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San Jose LRT LRT train at Campbell
(Photo: Peter Ehrlich)


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San Jose:
With Opening of Full Vasona Extension, Light Rail Hits Highest Ridership in 3 1/2 Years

Light Rail Now Project Team – February 2006

San Jose's light rail transit (LRT) system continued its expansion in both system size and ridership with the completion and opening on 1 October 2005 of the new Vasona extension connecting central San Jose with the new Winchester Station in the exurb of Campbell.

As we reported in our article San Jose's "Comeback Kid" Light Rail System Opens First Link of Vasona Extension, the full extension comprises a 5.3-mile route (8.5 km) with 8 stations (see map, below). Total project cost came to US$316.8 million – equalling a unit cost of about $60 million/mile ($37 million/km), pushed up by expensive tunnel and viaduct construction.

Opening of the full extension – well ahead of the original January 2006 target date – had been delayed while the Valley Transportation Authority (VTA) complied with Federal Railroad Administration demands for improvements in signalling where the LRT line crosses Union Pacific Railroad tracks, near Race Street. Meanwhile, as our article reported, regular service between the San Fernando and Diridon stations (roughly a mile apart) opened for to the public beginning 1 August 2005.

inaugural LRT train deboards apssengers after arrival at Winchester station in Campbell on opening day of extension, 1 October 2005.
[Photo: Peter Ehrlich]

Right-of-way shared with railroad

Of particular interest is the extension's sharing of a corridor alignment with the Union Pacific Railroad – significant because of the current controversy within the transit and railroad industries over such joint use by transit and heavy railroad services. Although VTA's LRT operates on a separate track, as Bay Area transit activist Peter Ehrlich has noted, "the Vasona Corridor was the first in the VTA system where light rail and an active railroad share the right of way."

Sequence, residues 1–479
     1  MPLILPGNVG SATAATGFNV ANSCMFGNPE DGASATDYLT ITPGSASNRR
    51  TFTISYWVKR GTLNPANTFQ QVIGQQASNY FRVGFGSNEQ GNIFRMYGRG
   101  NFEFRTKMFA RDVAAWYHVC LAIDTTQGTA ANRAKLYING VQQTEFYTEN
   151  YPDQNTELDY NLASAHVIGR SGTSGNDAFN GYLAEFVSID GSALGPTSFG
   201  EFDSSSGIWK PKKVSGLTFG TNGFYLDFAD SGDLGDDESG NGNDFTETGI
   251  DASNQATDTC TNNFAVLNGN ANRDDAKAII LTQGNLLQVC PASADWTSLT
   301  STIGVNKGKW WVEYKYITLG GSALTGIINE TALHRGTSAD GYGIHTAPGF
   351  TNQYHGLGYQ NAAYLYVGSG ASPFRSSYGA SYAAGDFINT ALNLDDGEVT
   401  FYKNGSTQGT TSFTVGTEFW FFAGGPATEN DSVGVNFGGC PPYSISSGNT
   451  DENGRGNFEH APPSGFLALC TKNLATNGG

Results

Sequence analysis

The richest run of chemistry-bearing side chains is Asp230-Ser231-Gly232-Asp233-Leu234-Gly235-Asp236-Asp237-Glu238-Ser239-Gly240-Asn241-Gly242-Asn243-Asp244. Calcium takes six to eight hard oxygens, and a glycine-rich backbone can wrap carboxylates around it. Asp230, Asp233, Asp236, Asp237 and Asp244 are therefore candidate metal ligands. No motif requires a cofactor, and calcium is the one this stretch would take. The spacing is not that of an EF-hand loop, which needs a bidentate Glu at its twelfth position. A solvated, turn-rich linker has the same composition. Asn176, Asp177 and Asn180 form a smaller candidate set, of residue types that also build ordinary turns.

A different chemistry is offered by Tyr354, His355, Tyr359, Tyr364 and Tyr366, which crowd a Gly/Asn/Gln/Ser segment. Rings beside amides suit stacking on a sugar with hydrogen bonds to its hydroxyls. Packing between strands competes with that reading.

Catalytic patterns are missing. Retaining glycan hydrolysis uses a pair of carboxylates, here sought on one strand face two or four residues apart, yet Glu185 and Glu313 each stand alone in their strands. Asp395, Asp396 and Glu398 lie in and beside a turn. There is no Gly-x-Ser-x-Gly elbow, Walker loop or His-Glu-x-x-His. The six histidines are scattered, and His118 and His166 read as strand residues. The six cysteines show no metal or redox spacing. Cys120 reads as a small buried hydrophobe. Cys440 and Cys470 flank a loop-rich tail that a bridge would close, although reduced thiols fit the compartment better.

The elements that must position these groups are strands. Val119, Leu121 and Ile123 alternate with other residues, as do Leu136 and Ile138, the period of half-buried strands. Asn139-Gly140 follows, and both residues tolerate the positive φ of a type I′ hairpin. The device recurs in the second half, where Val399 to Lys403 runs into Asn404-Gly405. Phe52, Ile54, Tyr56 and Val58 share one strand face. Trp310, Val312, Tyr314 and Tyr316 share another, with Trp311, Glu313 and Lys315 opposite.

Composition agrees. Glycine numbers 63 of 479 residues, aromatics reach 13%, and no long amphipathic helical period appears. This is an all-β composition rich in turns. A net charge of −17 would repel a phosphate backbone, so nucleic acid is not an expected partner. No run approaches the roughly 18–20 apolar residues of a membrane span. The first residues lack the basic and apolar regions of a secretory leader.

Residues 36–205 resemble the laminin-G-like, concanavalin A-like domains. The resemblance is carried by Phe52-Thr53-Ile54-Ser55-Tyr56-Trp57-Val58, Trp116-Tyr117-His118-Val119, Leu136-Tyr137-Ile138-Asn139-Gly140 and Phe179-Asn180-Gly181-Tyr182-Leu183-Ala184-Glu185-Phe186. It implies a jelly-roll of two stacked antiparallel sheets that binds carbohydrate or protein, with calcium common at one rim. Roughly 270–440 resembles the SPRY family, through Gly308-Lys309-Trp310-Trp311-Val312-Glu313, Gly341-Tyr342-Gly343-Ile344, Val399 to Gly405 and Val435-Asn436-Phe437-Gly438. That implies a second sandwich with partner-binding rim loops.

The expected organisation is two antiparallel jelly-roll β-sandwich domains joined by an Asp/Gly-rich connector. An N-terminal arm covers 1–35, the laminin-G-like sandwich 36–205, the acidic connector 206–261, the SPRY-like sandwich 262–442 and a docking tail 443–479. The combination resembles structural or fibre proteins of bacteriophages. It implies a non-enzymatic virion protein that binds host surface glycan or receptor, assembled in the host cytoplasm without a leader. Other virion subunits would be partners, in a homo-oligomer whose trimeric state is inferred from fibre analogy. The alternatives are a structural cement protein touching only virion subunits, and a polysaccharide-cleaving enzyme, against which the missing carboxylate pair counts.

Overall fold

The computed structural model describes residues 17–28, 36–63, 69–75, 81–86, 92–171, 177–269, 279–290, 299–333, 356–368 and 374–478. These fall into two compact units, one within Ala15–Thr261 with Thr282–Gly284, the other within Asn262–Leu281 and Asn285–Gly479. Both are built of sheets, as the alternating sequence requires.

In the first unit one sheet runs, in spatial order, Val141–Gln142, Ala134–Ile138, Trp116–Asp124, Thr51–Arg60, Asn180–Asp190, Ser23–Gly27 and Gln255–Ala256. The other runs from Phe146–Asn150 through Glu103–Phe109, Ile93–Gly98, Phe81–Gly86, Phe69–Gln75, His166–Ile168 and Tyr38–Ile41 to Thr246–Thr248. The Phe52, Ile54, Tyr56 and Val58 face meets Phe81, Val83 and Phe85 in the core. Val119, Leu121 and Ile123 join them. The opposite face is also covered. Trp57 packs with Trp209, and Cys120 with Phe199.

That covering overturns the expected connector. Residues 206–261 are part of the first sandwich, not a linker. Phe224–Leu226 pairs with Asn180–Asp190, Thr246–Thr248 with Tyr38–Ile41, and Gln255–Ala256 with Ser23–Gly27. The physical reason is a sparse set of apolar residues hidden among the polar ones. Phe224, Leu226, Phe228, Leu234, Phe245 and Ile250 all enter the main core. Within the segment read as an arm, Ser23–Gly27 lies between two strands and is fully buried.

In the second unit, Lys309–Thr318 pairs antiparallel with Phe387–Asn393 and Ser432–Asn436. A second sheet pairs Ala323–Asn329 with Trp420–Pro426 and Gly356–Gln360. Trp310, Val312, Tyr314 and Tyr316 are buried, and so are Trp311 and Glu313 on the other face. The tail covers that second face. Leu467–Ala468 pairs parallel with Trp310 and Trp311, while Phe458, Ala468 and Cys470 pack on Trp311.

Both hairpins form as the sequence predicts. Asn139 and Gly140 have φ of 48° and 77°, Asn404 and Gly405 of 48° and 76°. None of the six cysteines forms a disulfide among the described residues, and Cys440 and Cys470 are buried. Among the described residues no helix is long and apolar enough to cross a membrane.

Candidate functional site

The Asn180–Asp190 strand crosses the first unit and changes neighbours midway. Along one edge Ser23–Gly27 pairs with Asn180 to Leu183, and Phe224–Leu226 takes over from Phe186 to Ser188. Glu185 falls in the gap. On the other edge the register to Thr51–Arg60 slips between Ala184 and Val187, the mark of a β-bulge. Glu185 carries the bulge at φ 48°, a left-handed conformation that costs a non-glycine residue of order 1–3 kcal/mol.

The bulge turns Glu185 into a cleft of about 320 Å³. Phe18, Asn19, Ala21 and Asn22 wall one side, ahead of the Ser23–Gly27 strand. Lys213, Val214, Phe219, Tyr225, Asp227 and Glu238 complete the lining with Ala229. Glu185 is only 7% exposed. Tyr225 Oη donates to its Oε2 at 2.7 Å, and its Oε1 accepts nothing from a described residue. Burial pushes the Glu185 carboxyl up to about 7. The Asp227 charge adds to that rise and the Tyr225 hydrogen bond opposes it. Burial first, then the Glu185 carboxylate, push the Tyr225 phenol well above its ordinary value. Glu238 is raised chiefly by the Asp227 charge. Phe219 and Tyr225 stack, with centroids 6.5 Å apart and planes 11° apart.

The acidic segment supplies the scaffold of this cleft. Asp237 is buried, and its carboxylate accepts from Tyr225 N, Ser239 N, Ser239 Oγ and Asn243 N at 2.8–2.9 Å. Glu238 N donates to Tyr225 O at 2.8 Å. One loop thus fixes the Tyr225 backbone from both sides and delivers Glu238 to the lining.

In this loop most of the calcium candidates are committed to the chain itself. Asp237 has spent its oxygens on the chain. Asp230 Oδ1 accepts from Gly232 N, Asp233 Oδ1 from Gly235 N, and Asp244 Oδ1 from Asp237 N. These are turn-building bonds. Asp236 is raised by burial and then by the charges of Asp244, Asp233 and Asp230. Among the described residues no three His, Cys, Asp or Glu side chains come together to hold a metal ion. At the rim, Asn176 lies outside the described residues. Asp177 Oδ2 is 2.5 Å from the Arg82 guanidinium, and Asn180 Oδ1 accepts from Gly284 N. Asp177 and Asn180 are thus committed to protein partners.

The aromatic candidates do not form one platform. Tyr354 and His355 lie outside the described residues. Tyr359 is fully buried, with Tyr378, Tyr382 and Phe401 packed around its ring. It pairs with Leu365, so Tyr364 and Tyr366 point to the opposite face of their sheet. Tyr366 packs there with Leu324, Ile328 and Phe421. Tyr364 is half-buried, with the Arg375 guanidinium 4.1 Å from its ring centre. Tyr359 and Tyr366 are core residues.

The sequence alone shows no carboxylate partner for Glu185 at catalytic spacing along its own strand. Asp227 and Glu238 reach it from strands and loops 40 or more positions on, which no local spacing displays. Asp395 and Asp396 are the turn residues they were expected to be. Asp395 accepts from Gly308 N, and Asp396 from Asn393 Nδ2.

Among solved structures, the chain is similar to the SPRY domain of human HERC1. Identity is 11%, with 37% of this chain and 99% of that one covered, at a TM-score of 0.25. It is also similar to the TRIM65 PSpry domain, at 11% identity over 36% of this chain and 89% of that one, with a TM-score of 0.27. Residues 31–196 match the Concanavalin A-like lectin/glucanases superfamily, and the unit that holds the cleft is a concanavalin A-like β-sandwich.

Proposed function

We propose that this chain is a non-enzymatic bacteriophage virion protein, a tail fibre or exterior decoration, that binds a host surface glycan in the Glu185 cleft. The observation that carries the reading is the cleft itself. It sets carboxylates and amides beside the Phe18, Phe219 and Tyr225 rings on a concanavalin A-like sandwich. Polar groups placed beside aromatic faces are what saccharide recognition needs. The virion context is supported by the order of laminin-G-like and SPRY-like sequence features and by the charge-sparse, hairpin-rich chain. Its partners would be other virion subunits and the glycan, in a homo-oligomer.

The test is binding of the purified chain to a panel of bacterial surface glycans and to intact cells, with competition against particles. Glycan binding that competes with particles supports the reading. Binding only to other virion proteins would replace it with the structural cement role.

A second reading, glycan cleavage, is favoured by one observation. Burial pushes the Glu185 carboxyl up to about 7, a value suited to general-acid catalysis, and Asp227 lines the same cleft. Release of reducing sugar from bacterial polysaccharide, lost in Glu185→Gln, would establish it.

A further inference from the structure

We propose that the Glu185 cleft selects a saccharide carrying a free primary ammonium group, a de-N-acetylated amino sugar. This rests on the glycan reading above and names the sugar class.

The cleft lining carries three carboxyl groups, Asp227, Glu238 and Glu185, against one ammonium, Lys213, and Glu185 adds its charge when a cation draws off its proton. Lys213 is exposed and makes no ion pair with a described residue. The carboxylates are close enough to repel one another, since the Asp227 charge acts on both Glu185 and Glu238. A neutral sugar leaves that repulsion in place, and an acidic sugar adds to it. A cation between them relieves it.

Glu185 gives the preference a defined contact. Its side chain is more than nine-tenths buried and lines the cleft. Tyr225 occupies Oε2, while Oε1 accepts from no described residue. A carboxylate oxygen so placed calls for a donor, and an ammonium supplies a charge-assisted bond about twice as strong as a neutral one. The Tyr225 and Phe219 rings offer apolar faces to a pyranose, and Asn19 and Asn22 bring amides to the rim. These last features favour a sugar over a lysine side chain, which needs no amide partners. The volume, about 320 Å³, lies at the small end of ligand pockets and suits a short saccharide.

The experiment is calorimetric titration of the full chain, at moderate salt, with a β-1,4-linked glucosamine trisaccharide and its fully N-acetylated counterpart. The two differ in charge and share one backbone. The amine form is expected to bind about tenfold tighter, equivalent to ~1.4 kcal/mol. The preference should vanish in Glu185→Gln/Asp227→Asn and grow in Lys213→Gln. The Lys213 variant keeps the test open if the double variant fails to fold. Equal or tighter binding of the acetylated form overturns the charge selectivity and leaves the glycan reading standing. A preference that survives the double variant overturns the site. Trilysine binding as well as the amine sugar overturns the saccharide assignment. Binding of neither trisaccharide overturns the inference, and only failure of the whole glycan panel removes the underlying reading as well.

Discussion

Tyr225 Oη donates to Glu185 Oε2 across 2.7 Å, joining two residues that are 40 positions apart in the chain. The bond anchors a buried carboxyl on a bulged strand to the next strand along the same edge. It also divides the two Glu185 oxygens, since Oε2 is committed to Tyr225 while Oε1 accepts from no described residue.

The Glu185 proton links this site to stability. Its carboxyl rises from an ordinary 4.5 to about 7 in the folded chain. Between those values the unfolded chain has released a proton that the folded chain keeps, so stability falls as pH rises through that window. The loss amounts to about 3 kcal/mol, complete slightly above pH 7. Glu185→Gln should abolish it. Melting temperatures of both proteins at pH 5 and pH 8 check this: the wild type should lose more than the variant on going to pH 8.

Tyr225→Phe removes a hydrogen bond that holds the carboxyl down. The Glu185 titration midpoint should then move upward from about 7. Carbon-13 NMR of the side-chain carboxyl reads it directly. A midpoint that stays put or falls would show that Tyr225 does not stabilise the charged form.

Peter also points out that the opening of the LRT extension to Campbell "was the first time electric passenger transport had been brought to Campbell since the April 1, 1932 closure of Peninsular Railway interurban service." According to the San Jose Mercury News (2 October 2005), completion of the Vasona extension brings the total length of the LRT system to about 42 miles (68 km), reaching from Mountain View to East San Jose and to Campbell. Currently, trains are scheduled every 15 minutes during peak hours and roughly every 30 minutes during other times and on weekends.
[Map: LRN, adapted from VTA]

"Surprising story" – LRT attracts public

Early indications suggest the new line is a major hit with the public, and a stimulant to ridership on the system. "Much-maligned trolley service gaining popularity" headlined a San Jose Mercury News on 4 October (2005), relating growing ridership and rising demand for park & ride spaces at stations.